I flunked 2nd year French due to a teacher not liking me. The next quarter, I took German from a different teacher. He said I answered test questions perfectly--in French. Merci beaucoup M. Wagner! That has not stopped me from learning more French little by little.
Now I find myself speaking French occasionally to bilingual friends and translating French wine labels for my fella.

I am so excited for word wednesdays! Great idea, Corey!

Love the idea or Word Wednesday as I would love to speak a second language. I have taken Spanish when I was growing up and then when I took a French class I kept mixing up the Spanish and the French. Oh Dear! How I would love speaking French. It would be a good excuse to visit again.

Oh how I wish I could speak French. But you have to have someone to practice with. Took French in High school and college. No practice so it's gone. Learned to speak Spanish first. Therefore it is etched in my brain. Luckily I get to practice daily in Tx. Yes navigated well in Provence speaking Spanish. Excited about Wed word.

I have visited India, Brazil, Costa Rica, Sweden and France and don't speak Hindi, Portuguese, Swedish, Spanish (well..some)or French! Luckily, I was traveling in those countries with someone who did speak the language, except for Costa Rica, where I could use my Spanish. In Paris,where a great percentage of the population learns English in school, it seemed we could always find someone who could speak English. What a shame that we don't take time to learn the other beautiful languages of the world! So little time. Before I went to France my friend and I did pick up a set of language CD's. Problem with that is that if you present yourself as knowing a little French, you are answered with French phrases that are nothing like you heard on a CD! Presenting some really funny situations! AND, they speak so fast it's too hard to follow. Some can learn languages easily and some cannot, it's all the way the brain is wired. Kudos to all who are bi-lingual!

I've always tried to learn the language of any country I visited and have to say French is the most difficult and oddly, German and Dutch, the easiest. No clue why. Although I think having to study over 6 languages in grade school and high school were of no help at all.

I knew French before I met my French husband: in the U.S. we spoke English and now in France, we speak French to each other - Chouette!

The story of my life - only that Hero Husband (non, Mari Magnifique!!!)speaks French with me and it's me who is speaking 'out of my language league'...
When we both are too excited to speak slowly and/or (and often more importantly) want the other to REALLY understand, we speak English because we both have a tremendous E vocabulary, whereas I often can't find the 'proper' word in French and HE doesn't speak German (SWISS GERMAN...) well enough to grasp my eloquent (lol) talking to him. Aaah, the choice of 'International Marriages'... (even if they both are, like us, from the same country, Switzerland - with FOUR languages and umpteen dialects which even we don't understand).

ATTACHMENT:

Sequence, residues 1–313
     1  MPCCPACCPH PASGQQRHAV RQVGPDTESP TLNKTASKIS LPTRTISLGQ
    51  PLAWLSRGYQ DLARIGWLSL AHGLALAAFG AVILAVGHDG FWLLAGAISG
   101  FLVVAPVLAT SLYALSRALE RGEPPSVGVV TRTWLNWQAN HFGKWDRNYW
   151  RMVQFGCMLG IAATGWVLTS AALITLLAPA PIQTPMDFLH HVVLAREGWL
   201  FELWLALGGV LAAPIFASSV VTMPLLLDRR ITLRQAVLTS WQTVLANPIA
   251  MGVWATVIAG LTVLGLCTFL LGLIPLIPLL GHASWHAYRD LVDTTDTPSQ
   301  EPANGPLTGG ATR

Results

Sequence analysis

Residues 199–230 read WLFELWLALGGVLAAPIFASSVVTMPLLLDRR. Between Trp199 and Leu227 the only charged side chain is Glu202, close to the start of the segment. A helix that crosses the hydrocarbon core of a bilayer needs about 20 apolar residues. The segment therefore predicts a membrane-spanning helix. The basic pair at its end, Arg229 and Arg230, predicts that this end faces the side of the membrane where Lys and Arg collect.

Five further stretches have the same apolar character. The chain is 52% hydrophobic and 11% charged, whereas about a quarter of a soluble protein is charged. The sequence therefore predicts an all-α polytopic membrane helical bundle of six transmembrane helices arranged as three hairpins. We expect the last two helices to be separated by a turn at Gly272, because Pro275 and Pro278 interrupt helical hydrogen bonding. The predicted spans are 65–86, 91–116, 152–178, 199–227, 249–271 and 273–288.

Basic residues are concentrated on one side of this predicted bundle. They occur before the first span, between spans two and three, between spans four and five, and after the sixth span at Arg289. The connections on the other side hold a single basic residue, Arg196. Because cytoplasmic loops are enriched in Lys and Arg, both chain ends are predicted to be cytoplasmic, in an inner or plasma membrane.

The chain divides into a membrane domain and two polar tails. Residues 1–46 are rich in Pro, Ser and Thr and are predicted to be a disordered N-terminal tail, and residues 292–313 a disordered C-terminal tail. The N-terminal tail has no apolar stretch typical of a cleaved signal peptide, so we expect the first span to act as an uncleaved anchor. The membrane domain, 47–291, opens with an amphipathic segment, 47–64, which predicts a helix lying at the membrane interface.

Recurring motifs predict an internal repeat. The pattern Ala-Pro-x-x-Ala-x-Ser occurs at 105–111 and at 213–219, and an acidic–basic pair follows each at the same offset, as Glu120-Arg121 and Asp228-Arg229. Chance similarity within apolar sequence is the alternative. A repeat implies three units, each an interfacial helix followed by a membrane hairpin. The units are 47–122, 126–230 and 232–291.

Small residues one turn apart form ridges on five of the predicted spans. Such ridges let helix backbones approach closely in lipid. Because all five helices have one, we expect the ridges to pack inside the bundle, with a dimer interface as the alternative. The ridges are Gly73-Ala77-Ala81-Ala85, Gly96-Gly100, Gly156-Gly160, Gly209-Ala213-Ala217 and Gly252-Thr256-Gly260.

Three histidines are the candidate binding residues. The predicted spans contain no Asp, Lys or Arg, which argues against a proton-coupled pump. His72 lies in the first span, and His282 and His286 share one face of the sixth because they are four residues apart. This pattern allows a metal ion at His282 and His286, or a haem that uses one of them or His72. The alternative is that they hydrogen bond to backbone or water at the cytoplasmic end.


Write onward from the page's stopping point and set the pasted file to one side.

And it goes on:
Great post - merci ma chérie

Really it's the same with learning all languages, the problem comes when you are in the country: They speak fast !

Ah, ça, c'est une décision !!!
Je sais que tu parles bien le français, donc tu vas très vite prendre tes marques, aucun problème !!!
Bises

A story of mine:
Two old English friends of mine(a couple)were France addicts. They used to tour this country every now and then without speaking one single French word. They would communicate with hand language and travelled happy.
One day, while visiting us, Walter asked me what he had to say when getting into a café or a restaurant, not to be mixed up with words of meals. I told him not to get bothered with meals, all he had to say was "une table pour 2", and, according to the time of the day, they would be understood. He was thrilled with the tip and off they drove to the south.
On their way back to England, they stopped again, and I asked them how it went with the phrase. Walter winced and replied: "The phrase worked out well, but the problem is that after saying it, a hundred words would flow back to us, and we were lost !"
Using this phrase made people think they were speaking French fluently !!!

I love this post! I can't wait to hear more because I would love to speak another language (I have a smattering of what I call "restaurant French/Spanish/German)and wonder how it is to just be thrown into another culture where you simply must learn. Keep talking (french OR English)!

Corey, I love this story. I am tri-lingual, English being my third language and may I say, it was just darned hard to learn. Do you know there are 7 different ways to pronounce "ough"? Read or read?... and the list goes on. The funniest story though, in college, I was taking Logistics to get out of taking another math... and struggled a bit at first. My professor, a delightful lady from Spain, says to me... you are a foreign language major.. this is a foreign language.. duh duh duh!! Sailed through after that. I dream in French, or German or English. I think in the same language I am hearing or speaking (I am sure your kids do also)... so I hate translating! My mother who is German, learned proper British English in school.. it was not unusual to hear us speak with both German and English in the same sentence! Bonne chance!